I want each one of you to know that it has been a privilege and a pleasure to work with you. I have admired your expertise, appreciated your generous assistance, been inspired by your dedication, and enjoyed the camaraderie of our Team.
People - including my husband and children - have often asked me why I am still working late into my retirement years, and I want to share a little story with you which might explain that.
I was born in 1946, when wounded, weary nations were still marching up to tables to sign the Peace Treaties of WWII. The women who had built airplanes and tanks, produced top secret maps for our war rooms, and helped to crack enemy codes were going back home to their children. And the military men who had survived were returning to the workforce to take their jobs back - including my father, who had spent 18 months in a NAZI camp after his plane was shot down over Germany. Women had been a necessary, but temporary, war-time filler in the workplace. Only one woman in my family continued to work; most of the women in my community never pursued a higher education, and many never even drove a car.
By the time I was in high school, the idyllic post-war years had erupted into chaos. Kennedy and Khrushchev were squaring off like nuclear gun slingers while grim citizens built bomb shelters in their basements and back yards. Civil Rights activists were marching. Vietnam War protesters were burning flags. Hippies were embracing free love and LSD. Women were burning bras. Girls were suddenly attending college in droves - and not to major in Home Ec. Even so, it was understood that a young, educated woman would stop working as soon as her first child was born, and would only work again if her husband died. And the trio of jobs considered acceptable for nice Catholic girls were nursing, teaching and becoming a nun.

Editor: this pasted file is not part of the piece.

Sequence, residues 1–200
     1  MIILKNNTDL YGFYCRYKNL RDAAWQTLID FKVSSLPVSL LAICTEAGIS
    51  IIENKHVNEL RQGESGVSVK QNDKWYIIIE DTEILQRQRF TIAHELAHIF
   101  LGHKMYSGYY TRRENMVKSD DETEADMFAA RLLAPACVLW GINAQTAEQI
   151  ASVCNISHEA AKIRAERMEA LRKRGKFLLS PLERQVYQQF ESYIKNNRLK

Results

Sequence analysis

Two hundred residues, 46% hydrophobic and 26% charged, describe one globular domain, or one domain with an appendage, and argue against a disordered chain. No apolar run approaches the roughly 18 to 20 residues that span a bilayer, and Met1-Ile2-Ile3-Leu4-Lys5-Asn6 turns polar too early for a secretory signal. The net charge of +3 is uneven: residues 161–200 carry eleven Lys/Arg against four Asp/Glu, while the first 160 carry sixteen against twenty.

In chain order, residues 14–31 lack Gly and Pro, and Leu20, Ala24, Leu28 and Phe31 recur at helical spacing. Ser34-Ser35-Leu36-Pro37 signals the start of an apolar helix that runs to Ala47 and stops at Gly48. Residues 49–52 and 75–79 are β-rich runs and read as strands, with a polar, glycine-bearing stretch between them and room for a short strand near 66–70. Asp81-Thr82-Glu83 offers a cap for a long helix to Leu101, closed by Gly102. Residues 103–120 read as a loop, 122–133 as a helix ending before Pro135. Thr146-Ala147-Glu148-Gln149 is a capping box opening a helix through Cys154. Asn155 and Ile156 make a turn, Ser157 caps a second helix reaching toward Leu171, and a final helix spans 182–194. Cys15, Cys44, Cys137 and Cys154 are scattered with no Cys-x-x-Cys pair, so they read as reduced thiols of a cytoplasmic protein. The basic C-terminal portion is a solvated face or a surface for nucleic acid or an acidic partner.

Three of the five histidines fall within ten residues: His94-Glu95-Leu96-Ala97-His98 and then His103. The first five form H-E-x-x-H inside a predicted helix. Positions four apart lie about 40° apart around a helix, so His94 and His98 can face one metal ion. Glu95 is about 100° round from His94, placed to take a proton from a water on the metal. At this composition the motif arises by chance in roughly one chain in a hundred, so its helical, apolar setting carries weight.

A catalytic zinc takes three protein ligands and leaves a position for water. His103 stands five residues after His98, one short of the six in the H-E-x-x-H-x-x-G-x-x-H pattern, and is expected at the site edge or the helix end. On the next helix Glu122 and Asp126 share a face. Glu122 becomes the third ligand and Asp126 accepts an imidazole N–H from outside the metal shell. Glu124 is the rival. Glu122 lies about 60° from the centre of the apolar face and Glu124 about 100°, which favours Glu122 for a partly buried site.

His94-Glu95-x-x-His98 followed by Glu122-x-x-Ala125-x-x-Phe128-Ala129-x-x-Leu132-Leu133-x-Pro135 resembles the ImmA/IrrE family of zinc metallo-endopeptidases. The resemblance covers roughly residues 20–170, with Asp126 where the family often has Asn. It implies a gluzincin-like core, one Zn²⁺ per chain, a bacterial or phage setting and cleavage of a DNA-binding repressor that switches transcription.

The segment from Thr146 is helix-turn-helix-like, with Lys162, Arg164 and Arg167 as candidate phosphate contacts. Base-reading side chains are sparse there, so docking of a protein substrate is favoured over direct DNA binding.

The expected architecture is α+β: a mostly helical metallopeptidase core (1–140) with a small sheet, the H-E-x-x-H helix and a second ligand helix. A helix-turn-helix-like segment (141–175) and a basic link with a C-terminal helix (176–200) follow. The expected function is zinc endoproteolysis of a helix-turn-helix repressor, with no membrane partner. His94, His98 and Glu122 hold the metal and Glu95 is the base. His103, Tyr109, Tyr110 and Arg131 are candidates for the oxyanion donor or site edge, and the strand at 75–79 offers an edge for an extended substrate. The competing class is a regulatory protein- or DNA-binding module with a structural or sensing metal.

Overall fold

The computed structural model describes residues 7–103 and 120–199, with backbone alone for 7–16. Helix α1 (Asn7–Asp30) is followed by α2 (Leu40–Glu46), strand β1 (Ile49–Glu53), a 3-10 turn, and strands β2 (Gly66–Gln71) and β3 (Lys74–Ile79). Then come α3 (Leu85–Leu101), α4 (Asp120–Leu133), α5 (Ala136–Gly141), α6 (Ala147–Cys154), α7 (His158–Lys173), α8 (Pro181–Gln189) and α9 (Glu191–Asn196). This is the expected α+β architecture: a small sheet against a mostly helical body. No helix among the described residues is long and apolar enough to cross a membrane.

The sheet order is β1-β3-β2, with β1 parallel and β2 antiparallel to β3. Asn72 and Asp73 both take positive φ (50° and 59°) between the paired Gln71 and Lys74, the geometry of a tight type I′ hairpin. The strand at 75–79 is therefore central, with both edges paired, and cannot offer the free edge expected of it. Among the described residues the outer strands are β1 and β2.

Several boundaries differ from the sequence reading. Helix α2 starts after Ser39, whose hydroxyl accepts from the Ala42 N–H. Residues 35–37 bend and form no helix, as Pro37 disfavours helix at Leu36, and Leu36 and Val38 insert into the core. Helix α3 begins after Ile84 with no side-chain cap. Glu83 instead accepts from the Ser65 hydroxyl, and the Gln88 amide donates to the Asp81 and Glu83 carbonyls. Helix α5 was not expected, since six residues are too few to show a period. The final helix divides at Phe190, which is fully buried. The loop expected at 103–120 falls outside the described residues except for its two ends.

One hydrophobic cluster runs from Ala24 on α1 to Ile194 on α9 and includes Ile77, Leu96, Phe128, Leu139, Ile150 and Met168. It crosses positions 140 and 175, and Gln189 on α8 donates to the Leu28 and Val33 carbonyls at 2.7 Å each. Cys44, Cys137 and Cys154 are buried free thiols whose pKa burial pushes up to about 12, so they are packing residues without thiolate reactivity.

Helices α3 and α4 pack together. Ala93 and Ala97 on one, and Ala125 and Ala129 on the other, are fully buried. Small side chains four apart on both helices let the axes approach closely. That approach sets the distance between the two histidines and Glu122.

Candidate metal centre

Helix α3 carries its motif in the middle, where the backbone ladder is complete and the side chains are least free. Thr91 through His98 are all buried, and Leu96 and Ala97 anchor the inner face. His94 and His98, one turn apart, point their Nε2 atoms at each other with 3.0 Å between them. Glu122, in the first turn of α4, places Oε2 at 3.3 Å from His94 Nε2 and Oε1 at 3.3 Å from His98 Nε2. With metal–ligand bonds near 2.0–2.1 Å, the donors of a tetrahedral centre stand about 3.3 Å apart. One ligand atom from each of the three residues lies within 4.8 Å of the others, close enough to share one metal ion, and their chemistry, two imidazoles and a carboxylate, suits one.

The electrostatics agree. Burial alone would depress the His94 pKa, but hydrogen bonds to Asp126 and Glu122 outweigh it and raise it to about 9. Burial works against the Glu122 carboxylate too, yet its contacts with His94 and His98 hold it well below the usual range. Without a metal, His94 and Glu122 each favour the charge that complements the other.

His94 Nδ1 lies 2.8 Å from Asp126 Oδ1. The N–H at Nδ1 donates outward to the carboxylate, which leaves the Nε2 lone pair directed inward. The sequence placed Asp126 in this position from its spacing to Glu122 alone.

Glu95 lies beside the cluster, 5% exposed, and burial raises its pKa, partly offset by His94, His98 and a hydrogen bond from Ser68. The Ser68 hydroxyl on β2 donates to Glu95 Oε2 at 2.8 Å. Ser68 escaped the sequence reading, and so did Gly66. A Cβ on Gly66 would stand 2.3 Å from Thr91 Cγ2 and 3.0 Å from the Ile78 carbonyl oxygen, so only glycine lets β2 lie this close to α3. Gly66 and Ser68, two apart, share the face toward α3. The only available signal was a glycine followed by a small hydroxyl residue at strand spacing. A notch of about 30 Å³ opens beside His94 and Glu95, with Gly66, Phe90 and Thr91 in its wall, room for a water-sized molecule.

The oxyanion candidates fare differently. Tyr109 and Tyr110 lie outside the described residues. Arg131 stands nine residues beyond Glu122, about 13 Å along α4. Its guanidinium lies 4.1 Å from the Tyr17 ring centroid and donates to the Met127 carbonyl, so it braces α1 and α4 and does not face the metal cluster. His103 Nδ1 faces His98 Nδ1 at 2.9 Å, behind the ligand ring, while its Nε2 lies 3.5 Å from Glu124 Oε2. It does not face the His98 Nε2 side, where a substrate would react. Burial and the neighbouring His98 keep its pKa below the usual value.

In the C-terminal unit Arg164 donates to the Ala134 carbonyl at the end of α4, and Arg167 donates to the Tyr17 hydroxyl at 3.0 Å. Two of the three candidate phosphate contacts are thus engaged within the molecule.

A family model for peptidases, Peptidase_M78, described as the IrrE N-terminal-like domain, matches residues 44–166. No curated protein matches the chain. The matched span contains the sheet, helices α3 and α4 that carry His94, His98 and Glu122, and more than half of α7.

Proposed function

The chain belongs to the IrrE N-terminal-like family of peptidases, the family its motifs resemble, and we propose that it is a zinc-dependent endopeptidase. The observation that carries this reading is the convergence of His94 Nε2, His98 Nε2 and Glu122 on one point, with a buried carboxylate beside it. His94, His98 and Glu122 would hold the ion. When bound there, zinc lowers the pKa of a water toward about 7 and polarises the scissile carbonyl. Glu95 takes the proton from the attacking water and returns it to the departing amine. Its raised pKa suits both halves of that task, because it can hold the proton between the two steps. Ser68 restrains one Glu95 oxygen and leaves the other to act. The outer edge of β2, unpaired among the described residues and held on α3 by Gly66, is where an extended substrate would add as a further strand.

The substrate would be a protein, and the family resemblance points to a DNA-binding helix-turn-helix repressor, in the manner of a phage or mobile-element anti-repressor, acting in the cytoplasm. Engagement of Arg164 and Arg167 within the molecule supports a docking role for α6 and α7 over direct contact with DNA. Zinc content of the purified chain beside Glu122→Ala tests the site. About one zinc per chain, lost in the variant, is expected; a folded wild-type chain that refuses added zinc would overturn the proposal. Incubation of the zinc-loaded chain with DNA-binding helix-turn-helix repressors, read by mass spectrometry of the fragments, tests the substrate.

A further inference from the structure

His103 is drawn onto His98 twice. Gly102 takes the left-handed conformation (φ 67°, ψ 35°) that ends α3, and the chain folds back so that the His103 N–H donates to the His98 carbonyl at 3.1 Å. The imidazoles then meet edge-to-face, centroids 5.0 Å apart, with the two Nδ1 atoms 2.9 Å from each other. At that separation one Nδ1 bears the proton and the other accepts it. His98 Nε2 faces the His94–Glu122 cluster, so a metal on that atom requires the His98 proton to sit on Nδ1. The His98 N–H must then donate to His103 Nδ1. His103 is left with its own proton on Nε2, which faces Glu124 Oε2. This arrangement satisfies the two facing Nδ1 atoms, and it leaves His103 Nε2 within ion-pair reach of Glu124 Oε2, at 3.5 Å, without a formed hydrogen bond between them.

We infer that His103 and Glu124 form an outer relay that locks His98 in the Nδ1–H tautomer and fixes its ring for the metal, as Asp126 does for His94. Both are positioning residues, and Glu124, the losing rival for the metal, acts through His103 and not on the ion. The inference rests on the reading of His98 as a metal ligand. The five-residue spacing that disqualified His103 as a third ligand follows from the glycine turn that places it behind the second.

When Spalding University's Psychology department offered me my first paying job, working with disadvantaged children in a Neighborhood House on Market Street (Louisville's notorious red-light district), my horrified parents threatened to wait outside the school building and drag me into their car to prevent me from holding that job. My long, difficult campaign to maintain the right to work in the fields of my choice continued for years, and created rifts in my family that never healed. I have always considered it a right worth fighting for to be able to earn my living, and a gift to be able to earn it doing the things I loved.
Discomfort with women in the workplace was still widespread. At one job interview, in a LAW OFFICE, after answering the usual questions about my marital status (single) and my faith (Catholic), I was refused the job with the explanation that I would just be spending the rest of my life having babies and they had no interest in paying me for that. A friend of mine, who was pleasantly plump, hid her pregnancy from our employer until the baby was born, because they would have dismissed her immediately if they had known, and she needed the job.
Each time we transferred to follow my husband's career, I started over - working as a display designer, a newspaper reporter, a retail manager and interior designer, an employment counselor, a computer operator, a system owner and corporate trainer, a computer programmer, a graphic designer, a secretary for the Methodist Church, a member of a day treatment team in a mental health facility, and in between, I helped install quarry tile in a Chrysler plant. Once, to pay a medical bill, I temporarily added a second shift - tossing the pepperoni onto the pizza in a pizza plant.
Juggling marriage, children and work has often been challenging for me, as I am sure it has been for all of you, both men and women. But the struggle to be a part of the workforce has always paled beside the excitement of being able to participate in the fascinating, powerful changes which that workforce has created and ushered into our world.
Now, I pass the banner on to you. I hope your chance to be a part of it all will bring you as much joy as it has brought me.